And then somebody finds a photo online that shows Steven at a March for Our Lives. Did I mention these kids are Texans? If viewers aren’t sure how they feel about Ben, his actions in the following scenes should help them decide.
Boys State inevitably feels more and more like reality TV programming, which is both appropriate for our times and depressing. The handful of characters it spends time with can’t really represent the breadth of experiences in this sweaty collection of a thousand or so boys: You know that, among the Eagle Scouts and varsity jocks, there are Doctor Who fans, amateur mycologists and future Virginia Woolf scholars who showed up in Austin, looked around them, and thought, “Well, this is going to be a long week.” In their need to squeeze this strange experience into a familiar doc template, McBaine and Moss mostly leave those guys stranded. Here’s hoping that, while nobody paid attention, a few of them sat in a quiet corner somewhere and reinvented democracy.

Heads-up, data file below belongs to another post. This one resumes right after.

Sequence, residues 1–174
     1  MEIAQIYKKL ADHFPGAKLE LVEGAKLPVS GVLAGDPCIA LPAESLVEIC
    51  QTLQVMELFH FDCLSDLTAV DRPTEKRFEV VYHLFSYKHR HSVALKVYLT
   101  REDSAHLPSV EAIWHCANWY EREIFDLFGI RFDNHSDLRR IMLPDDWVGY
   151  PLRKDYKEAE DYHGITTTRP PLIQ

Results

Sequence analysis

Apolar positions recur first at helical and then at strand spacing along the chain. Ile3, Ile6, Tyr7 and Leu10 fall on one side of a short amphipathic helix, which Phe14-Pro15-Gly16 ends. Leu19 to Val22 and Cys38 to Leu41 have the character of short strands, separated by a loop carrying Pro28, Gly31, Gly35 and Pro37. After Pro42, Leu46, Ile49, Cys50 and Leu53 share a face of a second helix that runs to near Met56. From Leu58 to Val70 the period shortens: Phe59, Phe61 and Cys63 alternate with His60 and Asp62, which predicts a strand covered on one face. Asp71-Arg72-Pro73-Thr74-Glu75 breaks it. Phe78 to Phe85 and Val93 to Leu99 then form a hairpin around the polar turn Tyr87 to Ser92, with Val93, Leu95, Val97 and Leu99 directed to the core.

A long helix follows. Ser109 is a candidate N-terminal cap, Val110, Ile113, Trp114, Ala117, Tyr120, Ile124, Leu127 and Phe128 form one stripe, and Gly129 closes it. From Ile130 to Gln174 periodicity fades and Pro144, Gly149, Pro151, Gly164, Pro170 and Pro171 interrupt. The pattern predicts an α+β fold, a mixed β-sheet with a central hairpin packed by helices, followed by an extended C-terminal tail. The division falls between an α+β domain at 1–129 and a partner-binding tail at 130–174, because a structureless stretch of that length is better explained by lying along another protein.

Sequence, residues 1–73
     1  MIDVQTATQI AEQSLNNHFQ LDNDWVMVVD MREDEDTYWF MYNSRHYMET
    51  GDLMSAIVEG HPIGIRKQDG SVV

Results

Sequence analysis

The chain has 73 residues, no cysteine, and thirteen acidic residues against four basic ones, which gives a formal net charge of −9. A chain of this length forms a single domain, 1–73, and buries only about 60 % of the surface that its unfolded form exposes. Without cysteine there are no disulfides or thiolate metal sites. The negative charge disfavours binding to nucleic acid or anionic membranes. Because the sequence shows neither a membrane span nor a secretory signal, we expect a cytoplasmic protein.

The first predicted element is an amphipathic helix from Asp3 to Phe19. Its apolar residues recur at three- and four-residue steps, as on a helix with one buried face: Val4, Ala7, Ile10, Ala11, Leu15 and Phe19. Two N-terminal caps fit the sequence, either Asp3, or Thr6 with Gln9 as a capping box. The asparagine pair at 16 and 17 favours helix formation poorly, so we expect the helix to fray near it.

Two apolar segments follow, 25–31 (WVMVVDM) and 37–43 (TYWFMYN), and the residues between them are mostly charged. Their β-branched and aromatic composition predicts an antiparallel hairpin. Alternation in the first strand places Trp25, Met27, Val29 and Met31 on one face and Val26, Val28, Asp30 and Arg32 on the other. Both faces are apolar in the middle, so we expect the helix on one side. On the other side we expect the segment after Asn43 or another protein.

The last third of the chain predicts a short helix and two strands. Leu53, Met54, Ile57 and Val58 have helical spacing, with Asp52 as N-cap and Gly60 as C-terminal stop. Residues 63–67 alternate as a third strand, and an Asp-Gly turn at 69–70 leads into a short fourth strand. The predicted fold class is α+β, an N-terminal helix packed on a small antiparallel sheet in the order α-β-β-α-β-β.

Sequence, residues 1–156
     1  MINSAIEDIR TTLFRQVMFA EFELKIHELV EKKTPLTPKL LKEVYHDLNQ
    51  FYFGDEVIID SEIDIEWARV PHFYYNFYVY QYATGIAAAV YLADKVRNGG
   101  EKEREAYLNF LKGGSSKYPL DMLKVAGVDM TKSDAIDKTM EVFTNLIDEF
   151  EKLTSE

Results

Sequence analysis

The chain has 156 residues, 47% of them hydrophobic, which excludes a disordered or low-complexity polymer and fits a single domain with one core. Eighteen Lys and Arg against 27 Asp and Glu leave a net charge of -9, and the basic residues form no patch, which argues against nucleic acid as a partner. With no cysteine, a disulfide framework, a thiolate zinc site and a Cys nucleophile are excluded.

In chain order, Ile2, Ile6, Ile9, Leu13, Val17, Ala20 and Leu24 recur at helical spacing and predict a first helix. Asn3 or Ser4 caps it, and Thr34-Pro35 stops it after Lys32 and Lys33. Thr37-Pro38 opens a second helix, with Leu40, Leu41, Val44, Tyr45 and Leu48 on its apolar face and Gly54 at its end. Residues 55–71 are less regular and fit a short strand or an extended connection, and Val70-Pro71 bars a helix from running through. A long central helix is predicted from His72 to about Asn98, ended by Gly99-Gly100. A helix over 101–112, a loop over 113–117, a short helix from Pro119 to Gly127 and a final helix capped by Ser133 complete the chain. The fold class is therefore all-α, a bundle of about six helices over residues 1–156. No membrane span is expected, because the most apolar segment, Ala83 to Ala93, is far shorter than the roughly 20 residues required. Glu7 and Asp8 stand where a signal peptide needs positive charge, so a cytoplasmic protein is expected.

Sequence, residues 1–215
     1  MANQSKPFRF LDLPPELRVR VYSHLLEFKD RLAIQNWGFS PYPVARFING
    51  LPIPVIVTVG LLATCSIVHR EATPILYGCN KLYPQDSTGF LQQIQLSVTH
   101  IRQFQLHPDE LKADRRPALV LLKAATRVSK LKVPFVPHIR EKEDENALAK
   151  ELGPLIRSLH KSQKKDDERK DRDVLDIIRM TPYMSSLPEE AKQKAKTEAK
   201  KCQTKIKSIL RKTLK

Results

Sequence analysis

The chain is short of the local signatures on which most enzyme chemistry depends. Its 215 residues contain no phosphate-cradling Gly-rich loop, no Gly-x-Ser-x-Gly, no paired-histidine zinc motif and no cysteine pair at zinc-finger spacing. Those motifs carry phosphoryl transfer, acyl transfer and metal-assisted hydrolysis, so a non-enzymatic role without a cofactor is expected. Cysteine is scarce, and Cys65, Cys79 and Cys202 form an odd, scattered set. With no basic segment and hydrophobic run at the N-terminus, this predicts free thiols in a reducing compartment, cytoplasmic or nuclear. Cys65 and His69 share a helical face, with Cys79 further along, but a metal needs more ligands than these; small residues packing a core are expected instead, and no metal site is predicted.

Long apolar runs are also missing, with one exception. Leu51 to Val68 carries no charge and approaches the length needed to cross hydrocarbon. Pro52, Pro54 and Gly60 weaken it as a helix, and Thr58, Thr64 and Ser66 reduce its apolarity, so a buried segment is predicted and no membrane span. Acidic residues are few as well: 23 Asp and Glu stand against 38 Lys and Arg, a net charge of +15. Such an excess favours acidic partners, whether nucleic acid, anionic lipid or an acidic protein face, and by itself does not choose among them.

Production company: Mile End Films
Directors-producers: Amanda McBaine, Jesse Moss
Executive producers: Lauren Powell Jobs, David Guggenheim, Jonathan Silberberg, Nicole Stott
Director of photography: Thorsten Thielow
Editor: Jeff Gilbert
Composer: T. Griffin
Venue: Sundance Film Festival (U.S. Documentary Competition)
Sales: Josh Braun, Submarine